Denver-based Quiznos is under financial pressure as sharpened competition, waning sales and debt woes weigh on its bottom line.
Analysts say the sub-sandwich company is struggling to pay its debt and could be headed for a reorganization. The chain has seen a sharp downturn in its number of stores and shrinking revenue from the outlets that remain open.
Privately owned Quiznos does not disclose financial metrics and releases almost no public information.
Yet analysts who follow the company say it is clear that the chain is nearing default on its loans and scrambling to restructure $875 million in debt.
“It’s one of the biggest restaurant collapses in American history,” said restaurant consultant John Gordon of San Diego-based Pacific Management Consulting Group.
In keeping with its private orientation, Quiznos through a spokesman last week declined to comment and issued only a brief statement about its finances.
“Quiznos has hired a financial adviser to assist in working constructively with its lenders to develop a proper financial structure for the company,” the statement said. “We expect these activities will not adversely impact Quiznos’ customers, franchise owners, employees or business partners. We fully expect this process to drive an outcome that will help the brand grow and prosper.”
The problems stem from a highly leveraged investment in 2006, competition from other sandwich purveyors and a protracted battle with the company’s franchisees over operating costs and profitability.
The result is an estimated 14 percent drop in sales last year and the loss of 600 restaurants — the steepest decline of any major fast-food chain, according to restaurant consulting firm Technomic Inc.
Sales in 2010 were about $1.55 billion, down from the 2008 peak of $2.02 billion, Technomic estimated. During the same period, stores declined from about 5,000 to 3,500 and likely are fewer than 3,000 this year.
“It leaves them in a precarious position,” said Darren Tristano, executive vice president of Chicago-based Technomic. “In all likelihood, their options are either a buyout, conversion of debt to equity, or bankruptcy.”
Growth took a hit in 2005 when Quiznos lost an important competitive edge — its exclusive status as a maker of toasted subs — after larger rival Subway began offering toasted sandwiches.
Further erosion occurred in 2008 when Subway introduced the $5 foot-long, and Quiznos’ counter-punch with the $4 “torpedo” failed to bring customers back.
Quiznos’ average customer check is $7.85 compared with Subway’s $6.90, according to Technomic.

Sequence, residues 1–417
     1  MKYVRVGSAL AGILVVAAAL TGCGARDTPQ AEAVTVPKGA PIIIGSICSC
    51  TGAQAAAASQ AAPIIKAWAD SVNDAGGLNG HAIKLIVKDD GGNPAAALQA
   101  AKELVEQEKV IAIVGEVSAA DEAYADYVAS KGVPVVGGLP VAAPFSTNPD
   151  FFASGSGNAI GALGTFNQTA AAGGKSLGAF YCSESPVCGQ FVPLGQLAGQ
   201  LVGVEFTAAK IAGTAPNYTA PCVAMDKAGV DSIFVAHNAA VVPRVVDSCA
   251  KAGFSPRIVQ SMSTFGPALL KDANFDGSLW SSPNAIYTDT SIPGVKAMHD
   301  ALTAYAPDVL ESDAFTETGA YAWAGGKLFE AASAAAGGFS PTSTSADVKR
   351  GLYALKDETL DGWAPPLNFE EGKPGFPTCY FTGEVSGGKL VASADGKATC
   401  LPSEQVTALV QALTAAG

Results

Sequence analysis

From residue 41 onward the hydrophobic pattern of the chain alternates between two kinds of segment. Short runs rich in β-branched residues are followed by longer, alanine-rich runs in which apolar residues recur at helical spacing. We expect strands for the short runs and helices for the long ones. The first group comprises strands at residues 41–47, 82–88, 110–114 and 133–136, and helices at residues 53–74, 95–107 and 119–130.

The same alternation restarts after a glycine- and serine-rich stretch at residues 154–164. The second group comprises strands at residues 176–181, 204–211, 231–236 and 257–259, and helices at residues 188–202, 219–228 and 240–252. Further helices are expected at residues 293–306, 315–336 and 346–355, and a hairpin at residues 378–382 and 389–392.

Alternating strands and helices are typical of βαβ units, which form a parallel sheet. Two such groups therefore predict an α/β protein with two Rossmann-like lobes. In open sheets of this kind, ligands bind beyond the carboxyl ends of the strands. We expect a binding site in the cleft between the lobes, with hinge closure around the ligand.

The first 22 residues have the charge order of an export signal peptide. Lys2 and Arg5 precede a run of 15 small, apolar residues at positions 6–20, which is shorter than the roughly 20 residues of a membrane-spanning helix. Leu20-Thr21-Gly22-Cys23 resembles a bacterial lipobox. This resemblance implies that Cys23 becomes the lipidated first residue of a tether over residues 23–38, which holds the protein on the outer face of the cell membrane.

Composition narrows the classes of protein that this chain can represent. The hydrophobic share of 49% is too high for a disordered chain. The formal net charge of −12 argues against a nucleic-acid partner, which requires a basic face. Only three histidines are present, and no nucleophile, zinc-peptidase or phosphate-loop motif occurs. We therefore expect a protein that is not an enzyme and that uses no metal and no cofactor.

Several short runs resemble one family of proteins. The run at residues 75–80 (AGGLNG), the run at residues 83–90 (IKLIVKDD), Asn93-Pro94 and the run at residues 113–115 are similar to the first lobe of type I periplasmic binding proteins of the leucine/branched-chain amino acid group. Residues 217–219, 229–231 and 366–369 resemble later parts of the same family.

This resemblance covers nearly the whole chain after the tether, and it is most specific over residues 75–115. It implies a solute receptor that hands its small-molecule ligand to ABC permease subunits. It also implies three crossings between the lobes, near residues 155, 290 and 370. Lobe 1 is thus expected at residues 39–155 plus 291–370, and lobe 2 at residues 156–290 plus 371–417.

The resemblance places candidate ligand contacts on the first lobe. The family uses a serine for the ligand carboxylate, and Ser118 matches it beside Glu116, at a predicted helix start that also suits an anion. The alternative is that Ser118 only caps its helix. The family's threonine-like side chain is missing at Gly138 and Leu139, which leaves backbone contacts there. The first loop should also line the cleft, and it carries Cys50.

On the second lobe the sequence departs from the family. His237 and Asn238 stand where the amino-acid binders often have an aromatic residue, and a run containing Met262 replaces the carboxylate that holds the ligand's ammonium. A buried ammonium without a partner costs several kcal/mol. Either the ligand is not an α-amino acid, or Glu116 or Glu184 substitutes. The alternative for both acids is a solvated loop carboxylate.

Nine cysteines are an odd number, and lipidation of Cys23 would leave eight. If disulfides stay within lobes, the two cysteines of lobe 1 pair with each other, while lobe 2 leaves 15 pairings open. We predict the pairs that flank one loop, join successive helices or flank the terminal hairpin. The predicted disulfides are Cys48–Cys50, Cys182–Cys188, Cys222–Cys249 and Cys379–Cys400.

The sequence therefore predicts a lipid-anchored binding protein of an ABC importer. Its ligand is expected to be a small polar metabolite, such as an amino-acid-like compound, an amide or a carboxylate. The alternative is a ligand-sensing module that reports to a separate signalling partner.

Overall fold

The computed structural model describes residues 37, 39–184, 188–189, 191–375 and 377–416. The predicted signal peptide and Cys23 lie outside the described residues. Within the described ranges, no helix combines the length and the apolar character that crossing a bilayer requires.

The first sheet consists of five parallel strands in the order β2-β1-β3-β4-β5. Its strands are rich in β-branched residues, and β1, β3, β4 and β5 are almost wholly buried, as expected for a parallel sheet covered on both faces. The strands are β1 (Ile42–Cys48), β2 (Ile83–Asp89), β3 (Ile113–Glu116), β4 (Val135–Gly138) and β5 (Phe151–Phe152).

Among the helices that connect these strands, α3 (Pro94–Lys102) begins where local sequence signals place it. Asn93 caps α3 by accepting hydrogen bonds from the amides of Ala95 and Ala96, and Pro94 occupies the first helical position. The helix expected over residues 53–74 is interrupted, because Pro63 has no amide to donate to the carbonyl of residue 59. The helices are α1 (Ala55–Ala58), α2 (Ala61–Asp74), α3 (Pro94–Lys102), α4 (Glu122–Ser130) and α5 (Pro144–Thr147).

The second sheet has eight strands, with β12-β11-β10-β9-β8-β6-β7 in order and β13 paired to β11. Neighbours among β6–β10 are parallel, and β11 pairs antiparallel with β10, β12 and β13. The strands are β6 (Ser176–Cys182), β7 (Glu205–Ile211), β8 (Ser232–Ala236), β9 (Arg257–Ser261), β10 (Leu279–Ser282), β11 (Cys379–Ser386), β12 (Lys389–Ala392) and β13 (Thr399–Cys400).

“If they are successful in renegotiating their debt, they need to reinvent themselves with something that their competition does not offer,” said David Kincheloe, president of Denver-based National Restaurant Consultants.
Customer Mark Calvert said he hopes the financial struggles won’t have an impact on his neighborhood Quiznos at 13th Avenue and Grant Street — the chain’s first location in 1981.
“I love these sandwiches,” he said. “I’d go here over Subway any day.”
As Quiznos has fought to maintain market share, it has suffered lingering animosity from some franchisees who say profit margins are lean or nonexistent — due in part to a requirement that franchisees buy food at allegedly above-market prices from a Quiznos-mandated supplier network.
In 2009 Quiznos settled a franchisee class-action lawsuit by agreeing to pay up to $95 million.
The corporate debt problems are troubling to remaining franchise operators, said Justin Klein, a New Jersey attorney who represented franchisees in the lawsuit.
If Quiznos were to default on its debt and file for bankruptcy reorganization, “it would have a negative impact on the investment these franchisees have made in the company. It pretty much puts that investment into the toilet,” Klein said.
The Wall Street Journal, citing unnamed sources, reported in July that Quiznos had notified its lenders that it would soon violate loan terms. Doing so would put the company in default and could trigger a requirement for immediate repayment of its debt.
Much of Quiznos’ $875 million debt stems from a deal in 2006 in which a private-equity affiliate of JP Morgan Chase purchased 49 percent of Quiznos from a partnership led by Colorado investors Rick and Richard Schaden. The Schadens retained the remaining 51 percent.
Finding new investors, or persuading lenders to swap debt for equity, is an uphill battle for Quiznos, said Gordon of Pacific Management Consulting.
“The trends are ominous. They’re bad,” he said. “Quiznos continues to close doors, and same-store sales continue to fall. The issue is, when does Quiznos hit bottom?”
Gordon said that to his knowledge, Quiznos’ owners have not contributed $50 million in new capital that lenders have been seeking as a good-faith commitment to facilitate the debt restructuring.
A Quiznos spokesman declined to comment on the status of new investment by owners.
Without a capital infusion from the owners, Gordon said, “it’s not exactly a vote of confidence” in persuading lenders to convert their debt to equity in Quiznos.
Steve Raabe: 303-954-1948 or email@example.com
Just three years ago, it topped $2 billion in sales. Now, industry observers say the Quiznos sandwich chainled by Denver investors Rick, below, and Richard Schaden — is $875 million in debt, with sales down 14 percent and 600 stores closed last year. “It’s one of the biggest restaurant collapses in American history,” says restaurant analyst – John Gordon.